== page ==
New research from Kansas State University and its Kansas Speaks Project, which documents language shifts in Kansas, shows younger people in the region have started to take on the characteristics of Spanish speakers, even if they don’t speak Spanish themselves.

The Mexican American Legislative Caucus and the Texas Senate Hispanic Caucus are suing the Trump administration in hopes of blocking the addition of a citizenship question to the once-a-decade census of every person living in the United States.

From Texas Standard.

The American Civil Liberties Union has released a report based on some 30,000 pages of internal records from the Department of Homeland Security between 2009 to 2014, obtained through the Freedom of Information Act. What they’ve found is what they call “the pervasive abuse and neglect of unaccompanied immigrant children detained by U.S. Customs and Border Protection.”

From Texas Standard.

Young immigrants protected by the DACA program have been in limbo since the Obama-era program was canceled by President Trump last year.  Now we’re hearing rumblings of Republicans, including at least one from Texas, trying a new strategy to get a DACA vote in Congress.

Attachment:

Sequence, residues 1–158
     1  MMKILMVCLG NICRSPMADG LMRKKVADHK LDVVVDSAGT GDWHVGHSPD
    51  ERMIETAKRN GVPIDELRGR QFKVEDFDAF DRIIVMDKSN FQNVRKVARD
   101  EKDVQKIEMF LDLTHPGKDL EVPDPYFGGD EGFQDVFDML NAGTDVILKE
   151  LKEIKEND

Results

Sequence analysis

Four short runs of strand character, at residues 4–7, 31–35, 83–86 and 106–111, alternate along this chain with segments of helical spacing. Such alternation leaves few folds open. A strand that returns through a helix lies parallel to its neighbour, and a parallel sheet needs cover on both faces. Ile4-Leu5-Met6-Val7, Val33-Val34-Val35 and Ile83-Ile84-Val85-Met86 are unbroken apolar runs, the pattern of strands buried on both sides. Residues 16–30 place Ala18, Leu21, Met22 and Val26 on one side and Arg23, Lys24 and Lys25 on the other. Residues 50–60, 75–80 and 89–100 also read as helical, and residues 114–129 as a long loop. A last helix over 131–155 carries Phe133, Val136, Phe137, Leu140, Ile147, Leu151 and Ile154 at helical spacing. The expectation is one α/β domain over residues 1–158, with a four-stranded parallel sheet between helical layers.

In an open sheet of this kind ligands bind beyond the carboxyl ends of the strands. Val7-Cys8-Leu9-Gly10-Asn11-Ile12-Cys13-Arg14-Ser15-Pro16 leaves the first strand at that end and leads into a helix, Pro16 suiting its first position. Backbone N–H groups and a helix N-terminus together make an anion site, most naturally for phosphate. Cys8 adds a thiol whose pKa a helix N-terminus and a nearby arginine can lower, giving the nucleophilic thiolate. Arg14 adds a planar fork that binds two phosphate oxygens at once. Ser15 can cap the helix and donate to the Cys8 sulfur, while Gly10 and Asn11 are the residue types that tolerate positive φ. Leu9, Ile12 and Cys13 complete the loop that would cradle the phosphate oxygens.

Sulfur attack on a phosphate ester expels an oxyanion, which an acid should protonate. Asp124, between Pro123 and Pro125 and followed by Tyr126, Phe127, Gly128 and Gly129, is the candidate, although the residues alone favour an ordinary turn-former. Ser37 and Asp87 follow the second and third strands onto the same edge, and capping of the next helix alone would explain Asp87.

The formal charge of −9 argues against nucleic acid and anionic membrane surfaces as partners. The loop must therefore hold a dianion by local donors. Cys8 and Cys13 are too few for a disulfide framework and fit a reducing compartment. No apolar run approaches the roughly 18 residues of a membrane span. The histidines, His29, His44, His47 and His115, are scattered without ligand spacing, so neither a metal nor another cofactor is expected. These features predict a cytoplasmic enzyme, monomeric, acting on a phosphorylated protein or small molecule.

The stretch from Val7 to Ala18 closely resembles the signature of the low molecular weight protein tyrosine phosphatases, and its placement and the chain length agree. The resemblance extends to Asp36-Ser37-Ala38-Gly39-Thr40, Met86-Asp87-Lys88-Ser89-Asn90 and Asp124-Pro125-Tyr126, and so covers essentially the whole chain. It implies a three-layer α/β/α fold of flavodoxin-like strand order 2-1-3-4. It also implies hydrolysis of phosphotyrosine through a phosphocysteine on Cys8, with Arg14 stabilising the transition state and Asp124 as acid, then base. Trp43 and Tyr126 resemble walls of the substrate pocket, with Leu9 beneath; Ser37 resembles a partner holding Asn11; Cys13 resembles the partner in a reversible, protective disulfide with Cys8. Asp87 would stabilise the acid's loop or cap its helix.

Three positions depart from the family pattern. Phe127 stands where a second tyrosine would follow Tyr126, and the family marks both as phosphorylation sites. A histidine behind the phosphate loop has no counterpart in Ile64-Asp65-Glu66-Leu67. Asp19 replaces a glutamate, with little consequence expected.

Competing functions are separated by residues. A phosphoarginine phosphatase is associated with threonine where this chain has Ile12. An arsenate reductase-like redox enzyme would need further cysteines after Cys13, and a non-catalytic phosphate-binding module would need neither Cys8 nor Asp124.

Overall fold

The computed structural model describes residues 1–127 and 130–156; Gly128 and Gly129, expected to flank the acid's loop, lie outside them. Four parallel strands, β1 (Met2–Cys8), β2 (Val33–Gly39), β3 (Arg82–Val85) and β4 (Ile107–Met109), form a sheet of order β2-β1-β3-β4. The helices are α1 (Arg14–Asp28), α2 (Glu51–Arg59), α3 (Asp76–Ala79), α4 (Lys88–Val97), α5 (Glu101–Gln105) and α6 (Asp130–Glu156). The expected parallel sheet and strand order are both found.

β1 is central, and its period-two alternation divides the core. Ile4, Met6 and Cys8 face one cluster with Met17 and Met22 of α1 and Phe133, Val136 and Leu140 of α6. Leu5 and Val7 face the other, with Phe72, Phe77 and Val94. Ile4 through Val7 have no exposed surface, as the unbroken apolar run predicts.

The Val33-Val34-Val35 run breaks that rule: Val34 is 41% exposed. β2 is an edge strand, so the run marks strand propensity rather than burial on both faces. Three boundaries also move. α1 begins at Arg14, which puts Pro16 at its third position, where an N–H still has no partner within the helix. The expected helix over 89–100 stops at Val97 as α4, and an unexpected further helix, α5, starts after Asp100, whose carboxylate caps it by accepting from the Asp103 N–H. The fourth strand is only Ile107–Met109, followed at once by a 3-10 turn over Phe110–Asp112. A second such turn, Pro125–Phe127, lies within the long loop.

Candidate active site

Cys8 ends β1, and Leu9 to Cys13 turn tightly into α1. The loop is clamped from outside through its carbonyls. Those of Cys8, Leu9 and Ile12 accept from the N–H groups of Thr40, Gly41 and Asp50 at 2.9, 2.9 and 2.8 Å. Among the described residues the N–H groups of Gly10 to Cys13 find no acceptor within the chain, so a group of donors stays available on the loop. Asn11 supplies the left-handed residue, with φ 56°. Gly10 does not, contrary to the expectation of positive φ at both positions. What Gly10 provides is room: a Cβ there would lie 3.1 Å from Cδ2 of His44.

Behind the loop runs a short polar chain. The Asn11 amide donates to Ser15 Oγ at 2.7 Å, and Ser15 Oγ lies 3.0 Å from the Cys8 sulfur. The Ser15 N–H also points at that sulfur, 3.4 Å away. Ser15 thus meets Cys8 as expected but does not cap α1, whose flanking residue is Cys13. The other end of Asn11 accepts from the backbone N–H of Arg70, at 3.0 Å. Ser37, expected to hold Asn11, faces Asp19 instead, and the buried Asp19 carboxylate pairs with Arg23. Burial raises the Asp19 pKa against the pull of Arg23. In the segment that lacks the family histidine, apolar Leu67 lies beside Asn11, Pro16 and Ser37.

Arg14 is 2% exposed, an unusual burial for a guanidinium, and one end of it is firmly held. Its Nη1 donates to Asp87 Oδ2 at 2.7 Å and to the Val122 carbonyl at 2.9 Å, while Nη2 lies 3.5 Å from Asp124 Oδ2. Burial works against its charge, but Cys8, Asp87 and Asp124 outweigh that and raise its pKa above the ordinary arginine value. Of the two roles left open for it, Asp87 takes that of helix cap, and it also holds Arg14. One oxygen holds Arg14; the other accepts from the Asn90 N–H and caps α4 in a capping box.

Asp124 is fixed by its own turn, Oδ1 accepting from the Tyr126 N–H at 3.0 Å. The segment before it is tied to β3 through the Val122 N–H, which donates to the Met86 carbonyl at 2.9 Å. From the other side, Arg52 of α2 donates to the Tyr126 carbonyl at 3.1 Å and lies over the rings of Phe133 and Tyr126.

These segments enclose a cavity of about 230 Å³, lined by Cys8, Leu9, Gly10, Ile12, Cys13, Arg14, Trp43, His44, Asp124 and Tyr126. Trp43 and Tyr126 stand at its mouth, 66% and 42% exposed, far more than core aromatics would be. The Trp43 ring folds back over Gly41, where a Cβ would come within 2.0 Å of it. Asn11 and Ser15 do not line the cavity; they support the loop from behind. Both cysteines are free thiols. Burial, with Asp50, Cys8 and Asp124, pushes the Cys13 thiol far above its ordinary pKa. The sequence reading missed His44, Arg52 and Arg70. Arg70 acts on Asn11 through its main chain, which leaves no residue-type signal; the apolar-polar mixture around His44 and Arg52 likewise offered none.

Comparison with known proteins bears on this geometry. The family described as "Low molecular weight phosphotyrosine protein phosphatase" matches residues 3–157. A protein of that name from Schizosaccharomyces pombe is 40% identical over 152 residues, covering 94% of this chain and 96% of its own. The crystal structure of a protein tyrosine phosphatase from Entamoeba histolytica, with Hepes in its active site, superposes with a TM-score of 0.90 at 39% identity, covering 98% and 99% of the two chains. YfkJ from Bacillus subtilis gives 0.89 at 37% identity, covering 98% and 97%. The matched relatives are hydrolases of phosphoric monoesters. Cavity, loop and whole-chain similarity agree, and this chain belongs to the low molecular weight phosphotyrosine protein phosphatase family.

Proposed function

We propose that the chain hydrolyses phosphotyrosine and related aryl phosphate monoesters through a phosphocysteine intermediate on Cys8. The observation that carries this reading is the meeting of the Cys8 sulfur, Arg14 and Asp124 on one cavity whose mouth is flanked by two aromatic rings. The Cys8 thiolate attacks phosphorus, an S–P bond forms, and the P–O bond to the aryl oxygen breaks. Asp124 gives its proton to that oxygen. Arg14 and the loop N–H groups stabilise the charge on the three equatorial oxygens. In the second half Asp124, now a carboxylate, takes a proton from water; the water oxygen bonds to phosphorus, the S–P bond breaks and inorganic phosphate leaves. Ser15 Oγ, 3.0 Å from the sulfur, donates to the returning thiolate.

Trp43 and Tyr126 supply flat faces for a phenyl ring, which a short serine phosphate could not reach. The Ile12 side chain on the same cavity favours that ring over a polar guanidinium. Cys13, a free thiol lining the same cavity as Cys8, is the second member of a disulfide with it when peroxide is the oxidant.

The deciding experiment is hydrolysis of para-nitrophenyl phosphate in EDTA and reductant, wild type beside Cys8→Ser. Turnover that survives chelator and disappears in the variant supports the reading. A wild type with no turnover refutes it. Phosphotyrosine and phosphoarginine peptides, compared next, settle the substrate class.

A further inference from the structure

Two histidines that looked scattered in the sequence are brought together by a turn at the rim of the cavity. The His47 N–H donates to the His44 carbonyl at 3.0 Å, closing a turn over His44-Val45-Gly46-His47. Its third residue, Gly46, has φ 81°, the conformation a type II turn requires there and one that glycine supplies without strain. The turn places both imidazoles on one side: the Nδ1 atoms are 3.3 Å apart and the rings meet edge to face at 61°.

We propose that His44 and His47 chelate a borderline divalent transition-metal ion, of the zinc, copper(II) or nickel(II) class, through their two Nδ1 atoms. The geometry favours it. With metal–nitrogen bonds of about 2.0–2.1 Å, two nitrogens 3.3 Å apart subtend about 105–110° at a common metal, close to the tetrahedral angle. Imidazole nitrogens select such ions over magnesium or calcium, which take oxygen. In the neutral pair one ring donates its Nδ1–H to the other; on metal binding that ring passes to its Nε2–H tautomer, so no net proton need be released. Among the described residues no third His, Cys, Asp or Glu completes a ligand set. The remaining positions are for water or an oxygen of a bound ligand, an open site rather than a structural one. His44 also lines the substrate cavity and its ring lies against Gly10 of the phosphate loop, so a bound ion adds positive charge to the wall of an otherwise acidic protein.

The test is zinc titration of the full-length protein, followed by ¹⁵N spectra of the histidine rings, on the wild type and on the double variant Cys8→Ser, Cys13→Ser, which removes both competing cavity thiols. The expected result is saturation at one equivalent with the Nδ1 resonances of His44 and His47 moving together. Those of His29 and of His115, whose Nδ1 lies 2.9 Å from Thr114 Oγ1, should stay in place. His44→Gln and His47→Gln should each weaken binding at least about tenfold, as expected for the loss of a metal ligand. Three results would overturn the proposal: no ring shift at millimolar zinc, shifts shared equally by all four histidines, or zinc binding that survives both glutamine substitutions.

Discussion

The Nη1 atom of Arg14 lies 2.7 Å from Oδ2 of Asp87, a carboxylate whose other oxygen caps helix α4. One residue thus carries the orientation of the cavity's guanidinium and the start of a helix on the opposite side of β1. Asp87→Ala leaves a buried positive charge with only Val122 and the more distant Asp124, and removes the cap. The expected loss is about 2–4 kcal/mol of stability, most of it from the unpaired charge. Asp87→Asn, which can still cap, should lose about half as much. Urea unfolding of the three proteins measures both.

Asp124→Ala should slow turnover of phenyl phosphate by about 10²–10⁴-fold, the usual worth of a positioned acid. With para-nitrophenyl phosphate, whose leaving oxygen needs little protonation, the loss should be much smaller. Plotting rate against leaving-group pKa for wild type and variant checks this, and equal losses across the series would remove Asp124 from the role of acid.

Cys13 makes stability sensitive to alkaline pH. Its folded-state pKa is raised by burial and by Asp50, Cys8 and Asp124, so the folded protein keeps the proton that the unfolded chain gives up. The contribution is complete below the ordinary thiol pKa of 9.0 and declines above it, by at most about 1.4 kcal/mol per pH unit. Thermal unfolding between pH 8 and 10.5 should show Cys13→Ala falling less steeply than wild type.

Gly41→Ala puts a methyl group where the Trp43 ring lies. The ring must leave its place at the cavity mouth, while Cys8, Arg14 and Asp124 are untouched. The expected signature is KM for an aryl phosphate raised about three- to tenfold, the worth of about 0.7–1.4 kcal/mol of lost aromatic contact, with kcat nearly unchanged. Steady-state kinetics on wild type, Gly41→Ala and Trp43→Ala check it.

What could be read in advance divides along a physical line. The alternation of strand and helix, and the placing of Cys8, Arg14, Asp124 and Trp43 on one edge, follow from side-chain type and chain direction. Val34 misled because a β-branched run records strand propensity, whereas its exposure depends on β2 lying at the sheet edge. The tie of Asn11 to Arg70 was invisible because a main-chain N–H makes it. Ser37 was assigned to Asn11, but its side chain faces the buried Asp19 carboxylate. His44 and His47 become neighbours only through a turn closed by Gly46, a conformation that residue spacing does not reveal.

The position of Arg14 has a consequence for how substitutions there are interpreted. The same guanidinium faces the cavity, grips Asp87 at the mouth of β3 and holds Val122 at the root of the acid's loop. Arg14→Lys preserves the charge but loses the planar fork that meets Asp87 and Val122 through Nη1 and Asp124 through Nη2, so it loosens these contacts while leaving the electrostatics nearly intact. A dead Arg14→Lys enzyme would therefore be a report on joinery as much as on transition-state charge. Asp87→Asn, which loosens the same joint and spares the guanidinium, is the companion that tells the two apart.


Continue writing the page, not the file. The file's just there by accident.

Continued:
From Texas Standard.

Defining violent crime can be trickier than it sounds. Mugging someone on a sidewalk or robbing a store with a firearm are obviously violent acts. But, what about stealing something from an unoccupied and unlocked home? Even the Supreme Court has difficulty making the call.

As the White House continues to expand deportations and push measures to curb illegal immigration, many Texas immigrants are forced to navigate the immigration system without the help of an attorney.

U.S. Attorney General Jeff Sessions on Friday ordered federal prosecutors on the southwest border to adopt a “zero tolerance” policy against anyone who enters or attempts to enter the country illegally, a mandate he said “supersedes” any prior directives.

Bob Daemmrich for The Texas Tribune

Opponents of Senate Bill 4 have asked a federal appeals court to reconsider a decision that allowed most of the controversial immigration enforcement law to go into effect. The case could eventually end up before the U.S. Supreme Court.

This from The Texas Tribune